So I put together the task editor I want to use. You can add supporting materials — photos, videos, questions, teacher notes, student notes, links, and more. You can re-order them quickly, all from the browser. More fun is that other users can download them quickly. Click the "Download" button and Internet pixies will zip all the resources up and send the file to your computer.


I've been using it for a couple of weeks and I'd like you to use it also.

I've added other features some of you have asked for:

Better tagging.

You can add tags like "pizza" or "basketball" or "money." You can type a few key mathematical terms into the Common Core search bar and it will locate standards for you. Of course, all of this will make the search engine much smarter.


A smarter search engine.

People e-mail now and then telling me in kind terms how awful this spreadsheet is. I'm in total agreement. Unless you're fluent in Common Core shorthand, it's impossible to find tomorrow's topic today. So now you can head to my page on 101questions, click Search, and then click "Search this user." Type in what you're looking for. Click "Has lesson" to narrow down my material to everything that's been a little more developed. Click the grade boxes to tighten the results down even more.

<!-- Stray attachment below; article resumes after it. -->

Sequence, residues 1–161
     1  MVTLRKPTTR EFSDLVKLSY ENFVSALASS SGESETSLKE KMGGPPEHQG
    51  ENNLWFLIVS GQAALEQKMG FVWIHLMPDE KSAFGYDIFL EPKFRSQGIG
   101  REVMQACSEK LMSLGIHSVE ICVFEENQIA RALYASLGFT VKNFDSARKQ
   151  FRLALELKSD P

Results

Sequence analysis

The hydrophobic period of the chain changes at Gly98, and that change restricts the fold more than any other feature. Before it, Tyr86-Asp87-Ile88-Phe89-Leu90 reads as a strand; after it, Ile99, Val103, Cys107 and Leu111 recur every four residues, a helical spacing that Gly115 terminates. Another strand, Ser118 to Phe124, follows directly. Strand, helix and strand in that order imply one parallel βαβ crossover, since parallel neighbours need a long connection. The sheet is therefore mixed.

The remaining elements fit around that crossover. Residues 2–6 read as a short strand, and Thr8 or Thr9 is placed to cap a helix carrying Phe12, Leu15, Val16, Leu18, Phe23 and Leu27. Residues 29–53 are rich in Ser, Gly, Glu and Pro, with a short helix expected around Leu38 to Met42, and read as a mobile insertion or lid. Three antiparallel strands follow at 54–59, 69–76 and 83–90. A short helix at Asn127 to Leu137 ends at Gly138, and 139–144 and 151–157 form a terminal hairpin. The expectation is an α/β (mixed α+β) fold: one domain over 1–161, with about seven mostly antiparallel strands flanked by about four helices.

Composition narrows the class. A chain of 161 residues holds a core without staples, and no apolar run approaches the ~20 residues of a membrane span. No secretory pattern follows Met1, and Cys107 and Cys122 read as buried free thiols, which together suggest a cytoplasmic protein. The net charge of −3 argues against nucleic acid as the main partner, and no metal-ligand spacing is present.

Try it out. Add some tags to your old material. Leave me some comments here. I'll need as much useful criticism as you can offer. Let's make this great together.

[3ACTS] Dueling Discounts


Ask your students to write down which one they'd use. Some students will assume you should always use $20 off. Others will assume you should always use 20% off. Still others will (rightly) understand that it depends on the cost of the item you're buying.